Russia used Iran as a base from which to launch air strikes against Syrian militants for the first time yesterday, widening its air campaign in Syria.
In a move underscoring Moscow’s increasingly close ties with Tehran, long-range Russian Tupolev-22M3 bombers and Sukhoi-34 fighter bombers used Iran’s Hamadan air base to strike a range of targets in Syria.
It was the first time Russia has used the territory of another nation, apart from Syria itself, to launch such strikes since the Kremlin launched a bombing campaign to support Syrian president Bashar al-Assad in September last year.
It was also thought to be the first time that Iran has allowed a foreign power to use its territory for military operations since the 1979 Islamic revolution.
The Iranian deployment will boost Russia’s image as a central player in the Middle East and allow the Russian airforce to cut flight times and increase payloads.
The head of Iran’s National Security Council told state news agency IRNA as saying Tehran and Moscow were now sharing facilities to fight terrorism, calling their co-operation strategic.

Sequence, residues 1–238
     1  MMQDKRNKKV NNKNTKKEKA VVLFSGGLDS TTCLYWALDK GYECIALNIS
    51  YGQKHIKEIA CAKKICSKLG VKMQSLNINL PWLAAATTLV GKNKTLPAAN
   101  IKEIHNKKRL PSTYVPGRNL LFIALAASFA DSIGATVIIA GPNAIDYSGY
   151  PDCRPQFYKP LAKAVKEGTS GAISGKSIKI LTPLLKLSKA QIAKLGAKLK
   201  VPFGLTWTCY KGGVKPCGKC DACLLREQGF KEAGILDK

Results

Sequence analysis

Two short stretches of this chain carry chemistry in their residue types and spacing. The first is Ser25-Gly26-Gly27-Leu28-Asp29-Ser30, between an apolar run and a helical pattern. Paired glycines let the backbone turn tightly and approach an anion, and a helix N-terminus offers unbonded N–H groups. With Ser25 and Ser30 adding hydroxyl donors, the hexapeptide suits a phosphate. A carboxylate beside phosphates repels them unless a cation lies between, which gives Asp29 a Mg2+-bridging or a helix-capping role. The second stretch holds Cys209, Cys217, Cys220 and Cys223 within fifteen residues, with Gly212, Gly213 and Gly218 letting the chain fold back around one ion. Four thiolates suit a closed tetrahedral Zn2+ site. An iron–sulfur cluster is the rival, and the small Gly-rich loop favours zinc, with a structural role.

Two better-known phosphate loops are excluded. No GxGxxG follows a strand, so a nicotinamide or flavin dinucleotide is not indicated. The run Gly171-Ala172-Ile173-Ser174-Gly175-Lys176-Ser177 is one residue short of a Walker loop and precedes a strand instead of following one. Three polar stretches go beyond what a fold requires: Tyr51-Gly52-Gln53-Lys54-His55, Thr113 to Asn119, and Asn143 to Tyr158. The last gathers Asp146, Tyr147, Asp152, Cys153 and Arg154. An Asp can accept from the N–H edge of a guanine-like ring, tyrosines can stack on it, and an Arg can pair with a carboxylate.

Both countries back Mr Assad, and Russia, after a delay, has supplied Iran with its S-300 missile air defence system.
Relations between Tehran and Moscow have warm since Iran reached agreement last year with global powers to curb its nuclear programme in return for the lifting of UN, EU, and US financial sanctions.
Russian president Vladimir Putin visited in November and the two countries regularly discuss military planning for Syria, where Iran has provided ground forces that work with local allies while Russia provides air power.
The Russian defence ministry said its bombers had taken off from the Hamadan air base in north-west Iran.
To reach Syria, they would have had to use the air space of another neighbouring country, most probably Iraq.
The ministry said the strikes had targeted Islamic State, as well as militants previously known as the Nusra Front in the Aleppo, Idlib, and Deir al Zour provinces.
“As a result of the strikes five large arms depots were destroyed — a militant training camp, three command and control points, and a significant number of militants,” the ministry said in a statement.
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